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By Lydia Beyoud
Oct. 23 — Top House Energy and Commerce Committee Republicans want the Government Accountability Office to rake the Federal Communications Commission Enforcement Bureau over the coals for its management practices.
In an Oct. 23 letter to the GAO, committee chairman Fred Upton (R-Mich.), Communications and Technology Subcommittee Chairman Greg Walden (R-Ore.) and subcommittee vice chairman Bob Latta (R-Ohio) asked the nonpartisan watchdog agency to take a comprehensive look at a bureau that many lawmakers and industry insiders say has become far more aggressive recently.
With bureau chief Travis LeBlanc at the helm, the FCC enforcement arm has levied a series of record-breaking fines in recent months against big and small telecommunications companies alike. The bureau repeatedly has drawn fire from the commission's two Republicans.
Under a draft Senate bill to reauthorize the FCC, companies would be allowed to forgo paying enforcement fines before appealing an Enforcement Bureau decision (110 DER A-15, 6/9/15).
The House Republicans said their request comes as part of the Communications and Technology panel's ongoing oversight of the FCC, according to a news release. The letter tees up the issue ahead of a Nov. 17 FCC oversight hearing at which all five commissioners have been invited to testify.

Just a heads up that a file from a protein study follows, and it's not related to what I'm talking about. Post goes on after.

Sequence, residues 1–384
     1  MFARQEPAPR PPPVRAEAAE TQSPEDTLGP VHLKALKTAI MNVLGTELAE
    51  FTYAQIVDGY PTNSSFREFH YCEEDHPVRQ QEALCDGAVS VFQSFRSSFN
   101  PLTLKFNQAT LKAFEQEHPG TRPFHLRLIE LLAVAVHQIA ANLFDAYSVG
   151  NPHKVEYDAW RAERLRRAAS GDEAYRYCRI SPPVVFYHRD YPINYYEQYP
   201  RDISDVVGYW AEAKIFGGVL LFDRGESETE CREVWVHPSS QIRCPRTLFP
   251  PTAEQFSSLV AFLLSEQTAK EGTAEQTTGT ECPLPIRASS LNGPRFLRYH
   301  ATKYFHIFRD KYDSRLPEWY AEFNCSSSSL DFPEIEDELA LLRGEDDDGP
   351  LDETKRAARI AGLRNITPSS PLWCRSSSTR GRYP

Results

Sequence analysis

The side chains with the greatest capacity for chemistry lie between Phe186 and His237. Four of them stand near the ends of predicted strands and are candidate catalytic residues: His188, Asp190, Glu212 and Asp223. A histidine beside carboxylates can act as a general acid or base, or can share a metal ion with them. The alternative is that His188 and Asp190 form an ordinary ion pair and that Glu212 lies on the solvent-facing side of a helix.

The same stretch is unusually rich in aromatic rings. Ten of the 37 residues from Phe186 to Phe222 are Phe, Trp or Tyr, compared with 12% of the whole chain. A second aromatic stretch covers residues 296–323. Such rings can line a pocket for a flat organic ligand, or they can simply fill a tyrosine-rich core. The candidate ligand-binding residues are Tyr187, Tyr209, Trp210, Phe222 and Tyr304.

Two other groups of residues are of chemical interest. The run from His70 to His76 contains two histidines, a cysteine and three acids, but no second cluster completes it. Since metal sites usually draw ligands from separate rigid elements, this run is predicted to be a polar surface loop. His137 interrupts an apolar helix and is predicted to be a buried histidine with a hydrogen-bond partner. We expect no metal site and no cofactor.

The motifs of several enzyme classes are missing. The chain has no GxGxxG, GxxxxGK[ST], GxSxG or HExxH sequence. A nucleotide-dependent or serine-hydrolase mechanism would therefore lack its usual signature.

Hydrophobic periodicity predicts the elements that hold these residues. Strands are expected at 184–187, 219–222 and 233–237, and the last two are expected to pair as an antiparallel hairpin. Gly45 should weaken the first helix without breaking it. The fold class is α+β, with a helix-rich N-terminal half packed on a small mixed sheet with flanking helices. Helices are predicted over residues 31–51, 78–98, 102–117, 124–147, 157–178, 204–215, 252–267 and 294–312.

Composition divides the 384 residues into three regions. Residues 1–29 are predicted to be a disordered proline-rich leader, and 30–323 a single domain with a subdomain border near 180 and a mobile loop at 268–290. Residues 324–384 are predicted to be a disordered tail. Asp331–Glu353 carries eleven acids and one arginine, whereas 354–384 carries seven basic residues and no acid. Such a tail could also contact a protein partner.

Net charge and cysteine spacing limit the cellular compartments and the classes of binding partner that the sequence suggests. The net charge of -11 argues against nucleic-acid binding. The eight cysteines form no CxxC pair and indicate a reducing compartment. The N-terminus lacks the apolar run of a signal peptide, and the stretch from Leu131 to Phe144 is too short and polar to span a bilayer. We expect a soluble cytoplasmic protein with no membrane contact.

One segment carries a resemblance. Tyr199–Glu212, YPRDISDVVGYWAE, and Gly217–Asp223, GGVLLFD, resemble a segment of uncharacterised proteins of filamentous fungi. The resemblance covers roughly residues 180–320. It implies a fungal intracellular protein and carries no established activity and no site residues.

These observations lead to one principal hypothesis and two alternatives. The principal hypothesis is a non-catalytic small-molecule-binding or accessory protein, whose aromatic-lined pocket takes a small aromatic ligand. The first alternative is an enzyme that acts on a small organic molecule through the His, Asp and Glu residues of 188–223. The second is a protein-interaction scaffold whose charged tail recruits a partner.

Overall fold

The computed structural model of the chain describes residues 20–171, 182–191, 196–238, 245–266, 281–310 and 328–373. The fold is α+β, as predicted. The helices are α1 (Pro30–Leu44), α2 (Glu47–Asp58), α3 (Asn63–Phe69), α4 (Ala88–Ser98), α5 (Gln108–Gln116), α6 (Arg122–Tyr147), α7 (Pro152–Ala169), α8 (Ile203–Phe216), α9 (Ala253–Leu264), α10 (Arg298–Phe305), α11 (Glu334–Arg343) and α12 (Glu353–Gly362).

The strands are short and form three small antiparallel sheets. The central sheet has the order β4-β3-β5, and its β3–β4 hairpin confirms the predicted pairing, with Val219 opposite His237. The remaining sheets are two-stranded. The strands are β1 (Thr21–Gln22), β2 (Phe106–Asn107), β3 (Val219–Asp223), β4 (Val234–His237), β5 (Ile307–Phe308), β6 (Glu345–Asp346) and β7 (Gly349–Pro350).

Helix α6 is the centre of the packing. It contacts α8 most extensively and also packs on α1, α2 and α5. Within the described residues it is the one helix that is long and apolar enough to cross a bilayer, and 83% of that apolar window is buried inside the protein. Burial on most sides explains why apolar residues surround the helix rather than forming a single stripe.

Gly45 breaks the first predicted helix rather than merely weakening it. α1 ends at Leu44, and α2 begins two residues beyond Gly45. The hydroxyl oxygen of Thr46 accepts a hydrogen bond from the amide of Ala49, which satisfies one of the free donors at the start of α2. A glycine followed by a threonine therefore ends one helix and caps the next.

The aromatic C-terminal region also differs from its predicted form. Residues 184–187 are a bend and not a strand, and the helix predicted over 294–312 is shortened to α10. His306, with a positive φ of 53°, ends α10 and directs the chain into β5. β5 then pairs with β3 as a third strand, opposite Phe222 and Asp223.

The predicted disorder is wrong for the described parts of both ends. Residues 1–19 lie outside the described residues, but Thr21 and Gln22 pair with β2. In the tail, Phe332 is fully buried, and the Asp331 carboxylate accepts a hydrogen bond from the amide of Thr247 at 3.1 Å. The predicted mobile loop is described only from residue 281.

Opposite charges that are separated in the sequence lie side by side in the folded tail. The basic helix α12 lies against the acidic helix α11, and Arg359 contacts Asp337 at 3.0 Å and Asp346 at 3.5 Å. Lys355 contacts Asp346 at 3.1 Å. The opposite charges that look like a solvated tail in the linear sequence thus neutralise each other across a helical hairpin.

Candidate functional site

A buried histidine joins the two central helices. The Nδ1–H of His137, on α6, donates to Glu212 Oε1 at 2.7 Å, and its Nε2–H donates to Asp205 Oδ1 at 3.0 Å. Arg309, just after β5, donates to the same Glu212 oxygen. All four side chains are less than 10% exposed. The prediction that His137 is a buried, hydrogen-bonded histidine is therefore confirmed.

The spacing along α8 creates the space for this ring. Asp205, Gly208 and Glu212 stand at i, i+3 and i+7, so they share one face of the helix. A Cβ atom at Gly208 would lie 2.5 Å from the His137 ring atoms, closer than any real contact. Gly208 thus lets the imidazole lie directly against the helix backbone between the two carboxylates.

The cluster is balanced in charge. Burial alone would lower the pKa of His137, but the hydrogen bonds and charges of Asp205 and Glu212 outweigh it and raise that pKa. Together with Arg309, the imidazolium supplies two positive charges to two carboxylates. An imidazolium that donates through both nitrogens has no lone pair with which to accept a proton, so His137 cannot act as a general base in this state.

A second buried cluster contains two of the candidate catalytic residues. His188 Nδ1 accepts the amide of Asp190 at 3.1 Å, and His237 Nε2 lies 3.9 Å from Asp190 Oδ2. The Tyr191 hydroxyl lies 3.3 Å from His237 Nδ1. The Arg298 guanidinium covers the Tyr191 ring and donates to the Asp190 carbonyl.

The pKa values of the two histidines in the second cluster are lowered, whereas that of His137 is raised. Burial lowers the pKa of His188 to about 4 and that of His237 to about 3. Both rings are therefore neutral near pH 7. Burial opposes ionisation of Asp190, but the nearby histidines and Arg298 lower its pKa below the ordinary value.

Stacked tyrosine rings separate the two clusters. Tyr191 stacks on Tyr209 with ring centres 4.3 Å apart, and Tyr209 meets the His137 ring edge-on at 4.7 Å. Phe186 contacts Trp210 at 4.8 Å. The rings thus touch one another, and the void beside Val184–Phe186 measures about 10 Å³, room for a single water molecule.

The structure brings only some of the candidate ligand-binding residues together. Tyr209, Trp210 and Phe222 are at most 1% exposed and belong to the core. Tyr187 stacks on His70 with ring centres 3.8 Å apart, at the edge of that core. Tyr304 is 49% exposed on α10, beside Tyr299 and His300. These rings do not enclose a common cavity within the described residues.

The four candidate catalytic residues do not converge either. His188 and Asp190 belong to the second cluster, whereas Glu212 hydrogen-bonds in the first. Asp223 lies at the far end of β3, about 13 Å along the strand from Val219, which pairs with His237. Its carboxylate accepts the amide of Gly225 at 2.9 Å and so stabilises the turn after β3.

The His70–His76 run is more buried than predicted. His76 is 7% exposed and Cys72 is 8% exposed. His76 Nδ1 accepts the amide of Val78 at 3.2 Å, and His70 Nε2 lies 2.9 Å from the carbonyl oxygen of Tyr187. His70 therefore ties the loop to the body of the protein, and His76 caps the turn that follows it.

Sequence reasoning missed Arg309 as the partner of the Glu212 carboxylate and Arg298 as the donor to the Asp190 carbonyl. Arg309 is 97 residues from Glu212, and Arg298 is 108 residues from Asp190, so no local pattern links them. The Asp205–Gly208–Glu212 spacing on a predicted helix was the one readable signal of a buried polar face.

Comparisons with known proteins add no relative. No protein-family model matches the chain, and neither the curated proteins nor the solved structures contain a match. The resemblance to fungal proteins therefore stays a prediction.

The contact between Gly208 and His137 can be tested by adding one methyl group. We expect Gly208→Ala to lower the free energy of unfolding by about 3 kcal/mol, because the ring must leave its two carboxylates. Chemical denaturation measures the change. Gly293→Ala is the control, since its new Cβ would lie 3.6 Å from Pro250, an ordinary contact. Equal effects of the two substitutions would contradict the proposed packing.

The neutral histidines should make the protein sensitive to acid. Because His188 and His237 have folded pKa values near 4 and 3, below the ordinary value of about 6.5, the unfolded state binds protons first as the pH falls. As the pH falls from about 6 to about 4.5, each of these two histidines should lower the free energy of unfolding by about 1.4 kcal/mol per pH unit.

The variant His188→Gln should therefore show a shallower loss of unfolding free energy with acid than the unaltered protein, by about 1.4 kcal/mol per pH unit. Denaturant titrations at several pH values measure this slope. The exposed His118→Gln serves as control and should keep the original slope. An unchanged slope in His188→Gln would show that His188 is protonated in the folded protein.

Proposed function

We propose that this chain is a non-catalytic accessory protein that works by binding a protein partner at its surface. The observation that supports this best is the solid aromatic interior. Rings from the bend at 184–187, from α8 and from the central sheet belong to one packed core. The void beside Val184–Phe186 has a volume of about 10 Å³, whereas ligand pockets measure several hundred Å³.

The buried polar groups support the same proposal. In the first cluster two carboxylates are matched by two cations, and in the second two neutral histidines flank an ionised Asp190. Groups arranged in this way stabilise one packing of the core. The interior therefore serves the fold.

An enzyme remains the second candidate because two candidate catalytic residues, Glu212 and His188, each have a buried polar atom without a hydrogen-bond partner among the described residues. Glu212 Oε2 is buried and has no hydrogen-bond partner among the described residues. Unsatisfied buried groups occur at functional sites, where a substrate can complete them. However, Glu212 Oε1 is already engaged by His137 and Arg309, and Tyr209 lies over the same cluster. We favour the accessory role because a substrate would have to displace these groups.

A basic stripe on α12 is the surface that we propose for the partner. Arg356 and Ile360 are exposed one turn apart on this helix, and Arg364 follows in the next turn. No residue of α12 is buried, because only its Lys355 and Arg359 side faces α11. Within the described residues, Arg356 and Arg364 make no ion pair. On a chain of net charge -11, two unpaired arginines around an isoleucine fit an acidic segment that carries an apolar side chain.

Upton, Walden and Latta faulted the Enforcement Bureau for seeming to focus on the monetary value of proposed penalties “as the sole measure of the program's effectiveness,” despite what the lawmakers said was the GAO's prior recommendation that the FCC develop and implement performance management practices.
The GOP trio also singled out the backlog of consumer complaints related to violations of the Telephone Consumer Protection Act of 1991 as a failure to execute the FCC's consumer privacy mandate.
The lawmakers asked the GAO to examine whether the bureau is “meeting its mission of protecting the consumer, ensuring public safety, and encouraging competition,” among other matters.
The FCC is reviewing the letter, but otherwise declined to comment, an FCC spokesman told Bloomberg BNA.
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